“The chosen one you are, with great promise I see.” Now that Disney owns the Star Wars franchise, the expansion of the universe is seemingly never ending. More films, more toys, and now more technology. We’re still a few years away from getting our own lightsabers [citation needed], but until then Disney has partnered with Lenovo to design a Star Wars experience using smartphones and augmented reality.

Lenovo is creating the hardware: a light beacon, a tracking sensor, a lightsaber controller, and the augmented reality headset designed for smartphones. The approach for Lenovo’s AR is different to how Samsung and others are approaching smartphone VR, or how Microsoft is implementing Hololens: by implementing a pre-approved smartphone into the headset, the hardware uses a four-inch diagonal portion of the screen to project an image that rebounds onto prisms and into the user’s eyes. The effect is that the user can still see ahead of them, but also images and details on the screens – limited mostly by the pixel density of the smartphone display.

Lenovo already has the hardware up for pre-order in the US ($199) and the EU (249-299 EUR), and is running a curated system of Android and iOS smartphones. This means that the smartphones have to be on Lenovo’s pre-approved list, which I suspect means that the limitation will be enforced at the Play Store level (I didn’t ask about side loading). But the headset is designed for variable sized devices.

In the two minute demo I participated in, I put on the headset and was given a lightsaber into a 10ft diameter circle, and fought Kylo Ren with my blue beam of painful light. Despite attempting harakiri in the first five seconds (to no effect), it was surprising how clear the image was without any IPD adjustment. The field of view with the headset is only 60 degrees horizontal and 30 degrees vertical, which is bigger than the Hololens and other AR headsets I have tried, but it still remains one of the biggest downsides to AR. In the demo, I had to move around and wait to counter-attack: after deflecting a blow or six from Kylo, I was given a time-slow opportunity to strike back. When waiting for him to attack, if I rushed to attack nothing seemed to happen. In typical boss-fight fashion, three successful block/hit combinations rendered me the victor – I didn’t see a health bar but this was a demo designed to encourage the user to have a positive experience.

One thing I did notice is that most of what I saw was not particularly elaborate graphically: 2D menus and a reasonable polygon model. Without the need to render the background, relying on what the user is in front of to do this job (Lenovo had it in a specific dark corner for ease of use) this is probably a walk in the park for the hardware in the headset. The lightsaber connects directly to the phone via Bluetooth, which I thought might be a little slow, but I didn’t feel any lag. The lightsaber was calibrated a bit incorrectly, but only by a few degrees. I asked about different lightsabers, such as Darth Maul’s variant, and was told that it there are possibilities in the future for different hardware, although based on what I saw it was unclear if they would implement a Wii-mote type of system with a single controller with a different skin attached. The limit at the time was that the physical lightsaber only emits a blue light for the sensor for now; it does go red, but only when there’s a low battery. Think about that next time you watch Star Wars: red saber means low batteries.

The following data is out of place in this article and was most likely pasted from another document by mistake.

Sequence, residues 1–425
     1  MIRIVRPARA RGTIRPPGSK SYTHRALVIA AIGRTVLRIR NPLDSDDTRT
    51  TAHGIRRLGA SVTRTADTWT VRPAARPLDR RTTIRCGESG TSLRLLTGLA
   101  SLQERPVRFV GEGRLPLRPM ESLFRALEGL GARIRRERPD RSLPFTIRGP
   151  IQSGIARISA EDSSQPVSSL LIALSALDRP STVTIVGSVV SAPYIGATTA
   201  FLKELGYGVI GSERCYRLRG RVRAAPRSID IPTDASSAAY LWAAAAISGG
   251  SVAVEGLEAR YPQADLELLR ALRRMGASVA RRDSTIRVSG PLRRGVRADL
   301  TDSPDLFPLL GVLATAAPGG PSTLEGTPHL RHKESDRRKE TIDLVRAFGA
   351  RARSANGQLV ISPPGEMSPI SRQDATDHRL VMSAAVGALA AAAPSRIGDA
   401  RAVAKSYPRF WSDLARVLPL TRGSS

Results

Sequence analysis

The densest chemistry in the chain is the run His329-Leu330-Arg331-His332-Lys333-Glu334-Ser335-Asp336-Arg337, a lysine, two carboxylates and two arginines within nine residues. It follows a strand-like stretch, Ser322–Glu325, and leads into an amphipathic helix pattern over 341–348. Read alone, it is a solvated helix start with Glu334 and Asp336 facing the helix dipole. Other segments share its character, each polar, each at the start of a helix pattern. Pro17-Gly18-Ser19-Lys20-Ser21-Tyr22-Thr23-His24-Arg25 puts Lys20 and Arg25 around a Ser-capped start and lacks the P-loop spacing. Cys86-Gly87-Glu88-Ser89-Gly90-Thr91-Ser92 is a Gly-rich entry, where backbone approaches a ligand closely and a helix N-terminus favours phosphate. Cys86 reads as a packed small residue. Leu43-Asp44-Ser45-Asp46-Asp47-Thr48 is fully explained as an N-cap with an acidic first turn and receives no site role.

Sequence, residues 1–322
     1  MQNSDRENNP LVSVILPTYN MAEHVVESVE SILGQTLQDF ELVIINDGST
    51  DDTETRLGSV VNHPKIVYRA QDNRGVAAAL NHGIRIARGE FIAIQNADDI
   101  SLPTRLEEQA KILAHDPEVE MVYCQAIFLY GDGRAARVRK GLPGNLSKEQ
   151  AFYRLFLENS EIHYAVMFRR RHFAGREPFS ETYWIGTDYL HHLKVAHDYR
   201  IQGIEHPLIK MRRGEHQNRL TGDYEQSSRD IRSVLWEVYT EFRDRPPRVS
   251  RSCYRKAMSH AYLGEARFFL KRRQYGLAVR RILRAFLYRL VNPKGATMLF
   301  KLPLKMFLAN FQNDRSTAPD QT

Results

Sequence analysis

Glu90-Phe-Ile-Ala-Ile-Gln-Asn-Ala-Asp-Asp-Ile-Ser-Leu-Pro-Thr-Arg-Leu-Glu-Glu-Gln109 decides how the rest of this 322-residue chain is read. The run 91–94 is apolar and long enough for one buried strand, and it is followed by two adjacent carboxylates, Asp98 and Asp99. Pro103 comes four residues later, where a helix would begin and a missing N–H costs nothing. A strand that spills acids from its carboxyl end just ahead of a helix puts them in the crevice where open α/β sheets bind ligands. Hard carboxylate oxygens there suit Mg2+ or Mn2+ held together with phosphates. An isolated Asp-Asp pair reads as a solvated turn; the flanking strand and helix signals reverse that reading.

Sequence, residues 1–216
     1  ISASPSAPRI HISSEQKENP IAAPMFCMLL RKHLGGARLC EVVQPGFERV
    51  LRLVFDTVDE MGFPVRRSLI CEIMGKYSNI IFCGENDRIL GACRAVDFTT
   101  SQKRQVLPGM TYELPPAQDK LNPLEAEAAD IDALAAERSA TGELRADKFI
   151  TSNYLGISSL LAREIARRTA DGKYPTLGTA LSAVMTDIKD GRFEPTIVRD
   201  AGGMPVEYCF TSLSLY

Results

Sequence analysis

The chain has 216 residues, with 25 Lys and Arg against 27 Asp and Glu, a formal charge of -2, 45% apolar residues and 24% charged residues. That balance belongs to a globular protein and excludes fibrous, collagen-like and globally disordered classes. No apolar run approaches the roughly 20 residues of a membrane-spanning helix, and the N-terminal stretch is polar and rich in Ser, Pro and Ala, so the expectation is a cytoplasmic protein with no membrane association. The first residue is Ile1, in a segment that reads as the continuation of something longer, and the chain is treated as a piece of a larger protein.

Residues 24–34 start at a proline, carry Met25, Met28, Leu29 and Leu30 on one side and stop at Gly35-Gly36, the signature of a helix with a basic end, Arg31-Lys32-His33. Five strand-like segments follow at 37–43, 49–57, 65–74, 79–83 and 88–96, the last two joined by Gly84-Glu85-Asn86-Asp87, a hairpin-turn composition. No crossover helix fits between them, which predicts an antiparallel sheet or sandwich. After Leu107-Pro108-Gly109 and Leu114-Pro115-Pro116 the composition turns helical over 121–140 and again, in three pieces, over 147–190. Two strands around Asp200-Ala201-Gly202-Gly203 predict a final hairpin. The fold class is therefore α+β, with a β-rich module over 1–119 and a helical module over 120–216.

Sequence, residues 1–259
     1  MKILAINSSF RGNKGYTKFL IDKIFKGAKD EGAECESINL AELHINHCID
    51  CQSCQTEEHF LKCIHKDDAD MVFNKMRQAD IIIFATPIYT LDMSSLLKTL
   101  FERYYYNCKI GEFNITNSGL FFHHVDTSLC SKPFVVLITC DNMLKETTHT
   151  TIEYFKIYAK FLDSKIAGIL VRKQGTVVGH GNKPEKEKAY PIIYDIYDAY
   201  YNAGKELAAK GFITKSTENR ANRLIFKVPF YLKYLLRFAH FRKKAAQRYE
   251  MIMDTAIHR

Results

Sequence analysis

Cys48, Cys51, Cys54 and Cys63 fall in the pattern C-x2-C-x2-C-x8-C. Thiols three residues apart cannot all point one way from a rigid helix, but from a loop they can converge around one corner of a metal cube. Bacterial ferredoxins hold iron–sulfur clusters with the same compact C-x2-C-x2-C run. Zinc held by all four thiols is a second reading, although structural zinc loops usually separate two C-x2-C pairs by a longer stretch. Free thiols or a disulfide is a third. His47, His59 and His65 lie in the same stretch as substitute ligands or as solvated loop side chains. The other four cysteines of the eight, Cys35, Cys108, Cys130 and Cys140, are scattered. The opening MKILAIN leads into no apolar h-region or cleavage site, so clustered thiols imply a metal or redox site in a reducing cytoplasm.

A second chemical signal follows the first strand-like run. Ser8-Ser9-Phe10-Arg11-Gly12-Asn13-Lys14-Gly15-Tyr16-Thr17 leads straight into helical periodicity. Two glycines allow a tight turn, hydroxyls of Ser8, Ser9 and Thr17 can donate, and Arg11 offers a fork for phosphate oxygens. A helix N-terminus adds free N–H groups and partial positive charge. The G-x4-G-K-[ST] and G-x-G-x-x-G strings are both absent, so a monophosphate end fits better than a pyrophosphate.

The possibilities for the AR headset could feasibly be endless. The agreement at this time is between Lenovo and Disney Interactive, so there is plenty of Disney IP that could feature in the future. Disney also likes to keep experiences on its platform locked down, so I wonder what the possibilities are for Lenovo to work with other developers and IP down the road. I was told by my Lenovo guide that it is all still very much a development in progress, with the hardware basically done and the software part going to ramp up. The current headset is given the name ‘Mirage’, and most smartphones should offer 3-4 hours of gameplay per charge.

Lenovo Mirage
Headset Mass 470g
Headset Dimensions 209 x 83 x 155 mm
Headset Cameras Dual Motion Tracking Cameras
Headset Buttons Select, Cancel, Menu
Supported Smartphones
as of (9/4)
iPhone 7 Plus
iPhone 7
iPhone 6s Plus
iPhone 6s

Samsung Galaxy S8
Samsung Galaxy S3 (?)
Google Pixel XL
Google Pixel
Moto Z
Lightsaber Mass 275g
Lightsaber Dimensions 316 x 47 mm
Package Contents Lenovo Mirage AR Headset
'Light Sword' Controller
Direction Finder
Smartphone Holder
Lightning-to-USB Cable
USB-C to USB Cable
2x AA Batteries
5V / 1A Charger and Power Supply

Pre-orders are being taken now, shipments expecting to start in mid-November. US price is listed as $199.99 (without tax) and EU pricing at 299.99 EUR (with tax).

Related Reading

Source: Lenovo

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  • Ian Cutress - Monday, September 11, 2017 - link

    I was confused at that as well. When I probed the Lenovo site, it listed the S3. I assume someone meant S6 but mistyped? Reply
  • Wwhat - Tuesday, September 12, 2017 - link

    Since it's lenovo I guys you are suppose to identify with the bad guys then huh.

    But seriously, I don't get why tech sites don't boycott Lenovo, and if not at least lead every mention of them with a warning in capital bold letters. But I guess money talks, and sense is gagged.
    Reply
  • michaelschmid650 - Tuesday, October 24, 2017 - link

    It is just awesome. I also enjoyed wonderful experience with Lenovo Mirage. If you have any query about TuTu App, visit here https://tutuappdownloadz.org/ Reply

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